The business world mostly follows the proverb periculum in mora — there is no time to wait, it’s time to act. However, there is also one more Latin word which sometimes defines the opposite situation — procrastination, which came from the word procrastinare. Pro means "forward" and crastinus means "tomorrow". To procrastinate is to put off or delay something until tomorrow. The usual reason for doing so is that the activity we want to delay is boring, unpleasant, or downright hard. In the world of startups, there is no reason to consider the new venture as either boring or unpleasant as the startup is often the product of the founder's dreams and visions that he/she longs to turn into reality.
But in my years of being exposed to startups in the work of manufacturing, retail, design, capital raising, and finance, there are 3 reasons that crop up as the most common reasons for tarrying.
Delaying is not necessarily a bad thing as some things require more careful thought and planning or some need the right time for a strategic launch. But these "hard" reasons are making the first leap more difficult for some. However, you can always find some benefits in these situations and turn them into an advantage for your business’ sake.
Laws and regulations that impede the launch process
Lack of capital
When you start something for the first time, it is often the case that you have no idea of the real cost. Projects sometimes go awry due to lack of due diligence in this area. Six months into launch time and you find you need more than the operating capital that you have projected. For people venturing into new paths, new technology, new products, or new markets, the uncertainty as to the cost is increased.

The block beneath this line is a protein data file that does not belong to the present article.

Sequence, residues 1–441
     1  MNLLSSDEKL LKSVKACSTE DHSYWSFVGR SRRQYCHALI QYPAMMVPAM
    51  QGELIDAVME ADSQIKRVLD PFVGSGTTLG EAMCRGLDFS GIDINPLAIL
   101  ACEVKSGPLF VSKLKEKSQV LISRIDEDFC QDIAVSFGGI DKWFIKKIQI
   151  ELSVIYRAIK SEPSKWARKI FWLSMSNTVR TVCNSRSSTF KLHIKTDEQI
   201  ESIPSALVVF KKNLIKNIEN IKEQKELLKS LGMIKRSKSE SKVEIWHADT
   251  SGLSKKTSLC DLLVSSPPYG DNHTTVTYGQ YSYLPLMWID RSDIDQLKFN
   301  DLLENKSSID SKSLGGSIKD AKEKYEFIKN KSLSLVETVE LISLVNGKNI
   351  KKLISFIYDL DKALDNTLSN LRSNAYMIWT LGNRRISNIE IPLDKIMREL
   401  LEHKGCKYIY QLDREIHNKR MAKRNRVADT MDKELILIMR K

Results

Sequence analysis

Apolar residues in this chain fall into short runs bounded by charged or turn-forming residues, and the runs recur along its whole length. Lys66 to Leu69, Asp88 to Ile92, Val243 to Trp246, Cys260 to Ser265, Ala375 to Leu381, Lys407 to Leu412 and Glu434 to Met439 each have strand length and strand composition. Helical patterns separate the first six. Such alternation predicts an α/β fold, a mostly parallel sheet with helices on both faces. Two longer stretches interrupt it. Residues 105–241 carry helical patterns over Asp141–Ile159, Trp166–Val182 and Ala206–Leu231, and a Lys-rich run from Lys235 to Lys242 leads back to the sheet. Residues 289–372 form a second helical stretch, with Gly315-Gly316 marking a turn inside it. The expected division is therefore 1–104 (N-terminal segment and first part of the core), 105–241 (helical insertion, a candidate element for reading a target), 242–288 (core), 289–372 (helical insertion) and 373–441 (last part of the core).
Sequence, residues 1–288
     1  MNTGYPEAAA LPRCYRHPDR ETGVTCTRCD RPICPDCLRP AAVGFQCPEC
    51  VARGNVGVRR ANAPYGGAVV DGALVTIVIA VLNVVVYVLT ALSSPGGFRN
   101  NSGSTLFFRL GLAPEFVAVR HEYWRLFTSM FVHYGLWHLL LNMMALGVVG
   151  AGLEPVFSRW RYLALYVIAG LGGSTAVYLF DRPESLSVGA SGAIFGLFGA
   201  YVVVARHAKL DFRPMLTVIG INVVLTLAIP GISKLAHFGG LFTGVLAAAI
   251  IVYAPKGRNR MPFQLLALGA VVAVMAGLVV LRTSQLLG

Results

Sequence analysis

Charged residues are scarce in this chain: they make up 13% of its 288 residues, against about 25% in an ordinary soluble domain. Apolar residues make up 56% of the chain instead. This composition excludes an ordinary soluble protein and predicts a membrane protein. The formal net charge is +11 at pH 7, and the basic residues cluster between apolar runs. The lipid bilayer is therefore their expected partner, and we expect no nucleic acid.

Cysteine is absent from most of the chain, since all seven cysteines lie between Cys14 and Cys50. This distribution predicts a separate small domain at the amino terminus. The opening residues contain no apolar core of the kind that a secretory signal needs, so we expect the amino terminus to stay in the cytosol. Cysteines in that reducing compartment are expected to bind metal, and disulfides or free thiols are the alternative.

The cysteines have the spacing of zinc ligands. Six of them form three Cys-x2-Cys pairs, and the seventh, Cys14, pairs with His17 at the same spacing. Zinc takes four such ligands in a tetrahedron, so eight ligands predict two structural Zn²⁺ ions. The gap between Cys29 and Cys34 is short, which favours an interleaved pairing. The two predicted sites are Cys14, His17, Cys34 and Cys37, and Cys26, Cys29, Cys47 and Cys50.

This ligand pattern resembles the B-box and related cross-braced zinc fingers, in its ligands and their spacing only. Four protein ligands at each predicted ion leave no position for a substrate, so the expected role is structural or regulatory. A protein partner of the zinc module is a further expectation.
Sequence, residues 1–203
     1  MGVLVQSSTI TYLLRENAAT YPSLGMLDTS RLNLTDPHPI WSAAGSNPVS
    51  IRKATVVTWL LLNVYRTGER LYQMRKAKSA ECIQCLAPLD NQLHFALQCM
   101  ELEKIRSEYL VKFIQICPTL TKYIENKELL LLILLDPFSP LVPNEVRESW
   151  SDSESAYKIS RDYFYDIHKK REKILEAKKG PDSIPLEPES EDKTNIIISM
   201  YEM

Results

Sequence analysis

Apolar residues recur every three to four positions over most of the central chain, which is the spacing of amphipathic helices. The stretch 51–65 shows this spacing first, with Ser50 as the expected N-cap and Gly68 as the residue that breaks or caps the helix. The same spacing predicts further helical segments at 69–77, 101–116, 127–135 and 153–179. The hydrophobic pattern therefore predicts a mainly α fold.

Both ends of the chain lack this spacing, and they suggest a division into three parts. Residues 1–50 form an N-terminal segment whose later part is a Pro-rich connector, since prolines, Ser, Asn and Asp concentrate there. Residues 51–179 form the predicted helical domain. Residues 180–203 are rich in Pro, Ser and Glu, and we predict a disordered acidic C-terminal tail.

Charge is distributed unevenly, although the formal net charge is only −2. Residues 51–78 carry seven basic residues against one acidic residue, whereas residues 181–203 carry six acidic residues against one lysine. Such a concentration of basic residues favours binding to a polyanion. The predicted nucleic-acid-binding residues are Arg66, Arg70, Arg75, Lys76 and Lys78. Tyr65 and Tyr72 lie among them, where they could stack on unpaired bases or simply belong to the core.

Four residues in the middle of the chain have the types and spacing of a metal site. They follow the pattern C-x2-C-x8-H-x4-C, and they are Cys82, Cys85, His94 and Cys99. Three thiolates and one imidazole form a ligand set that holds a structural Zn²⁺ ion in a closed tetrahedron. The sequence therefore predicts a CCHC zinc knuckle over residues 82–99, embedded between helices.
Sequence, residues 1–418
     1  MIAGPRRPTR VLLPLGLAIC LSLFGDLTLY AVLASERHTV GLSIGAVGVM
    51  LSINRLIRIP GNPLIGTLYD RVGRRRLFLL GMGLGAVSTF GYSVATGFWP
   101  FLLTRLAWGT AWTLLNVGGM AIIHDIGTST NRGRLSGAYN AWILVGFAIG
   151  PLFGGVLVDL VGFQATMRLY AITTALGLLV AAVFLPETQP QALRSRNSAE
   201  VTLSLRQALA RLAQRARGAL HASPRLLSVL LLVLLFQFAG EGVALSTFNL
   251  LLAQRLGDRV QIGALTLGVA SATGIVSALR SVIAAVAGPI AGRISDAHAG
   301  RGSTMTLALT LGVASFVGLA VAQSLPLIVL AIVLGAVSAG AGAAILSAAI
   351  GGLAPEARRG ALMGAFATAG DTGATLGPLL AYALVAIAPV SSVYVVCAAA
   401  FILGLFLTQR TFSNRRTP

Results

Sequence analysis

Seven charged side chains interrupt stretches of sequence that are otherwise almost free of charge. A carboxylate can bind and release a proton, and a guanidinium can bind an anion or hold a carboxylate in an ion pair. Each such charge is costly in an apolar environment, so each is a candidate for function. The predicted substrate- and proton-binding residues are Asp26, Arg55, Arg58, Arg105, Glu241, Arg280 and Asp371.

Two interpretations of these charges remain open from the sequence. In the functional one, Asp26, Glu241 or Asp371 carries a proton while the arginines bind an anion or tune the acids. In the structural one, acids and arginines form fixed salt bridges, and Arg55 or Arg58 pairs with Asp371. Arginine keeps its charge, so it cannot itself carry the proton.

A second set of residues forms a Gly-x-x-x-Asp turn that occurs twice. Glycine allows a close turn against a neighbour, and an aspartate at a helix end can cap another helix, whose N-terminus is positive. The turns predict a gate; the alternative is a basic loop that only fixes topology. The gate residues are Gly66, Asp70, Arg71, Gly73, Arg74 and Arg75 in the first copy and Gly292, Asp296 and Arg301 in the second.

Failure in the product or market study
Rigorous prototyping and market study pepper the life of a startup...and even then problems and issues that you did not foresee crop up and cause the delay of the product or company launch especially for tech and design-driven startup firms. This is not a bad thing as this further clarifies your service and streamlines your product. What others do to cover lost time is to get their future client base involved in the creation process to target two things: build a loyal customer base as well as gain honest feedback from future users of the product or service.
Sync together as a Team
With all of these in mind, the legal, financial, and product/service development issues are bumps in the road that can, in fact, benefit startups as they serve to protect, beef up, and enrich your startup company in preparation for further slumps in the road ahead. A strong team forged through tests and trials can better weather the storms ahead.
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